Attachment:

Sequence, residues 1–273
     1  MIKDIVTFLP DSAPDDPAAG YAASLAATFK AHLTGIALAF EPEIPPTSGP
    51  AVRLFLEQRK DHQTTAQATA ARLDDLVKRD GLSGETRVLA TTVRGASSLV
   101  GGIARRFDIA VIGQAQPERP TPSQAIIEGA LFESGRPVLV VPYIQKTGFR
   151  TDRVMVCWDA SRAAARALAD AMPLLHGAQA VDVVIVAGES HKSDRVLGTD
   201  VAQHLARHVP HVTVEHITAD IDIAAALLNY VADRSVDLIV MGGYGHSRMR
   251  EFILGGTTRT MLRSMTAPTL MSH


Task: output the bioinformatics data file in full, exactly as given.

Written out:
Sequence, residues 1–273
     1  MIKDIVTFLP DSAPDDPAAG YAASLAATFK AHLTGIALAF EPEIPPTSGP
    51  AVRLFLEQRK DHQTTAQATA ARLDDLVKRD GLSGETRVLA TTVRGASSLV
   101  GGIARRFDIA VIGQAQPERP TPSQAIIEGA LFESGRPVLV VPYIQKTGFR
   151  TDRVMVCWDA SRAAARALAD AMPLLHGAQA VDVVIVAGES HKSDRVLGTD
   201  VAQHLARHVP HVTVEHITAD IDIAAALLNY VADRSVDLIV MGGYGHSRMR
   251  EFILGGTTRT MLRSMTAPTL MSH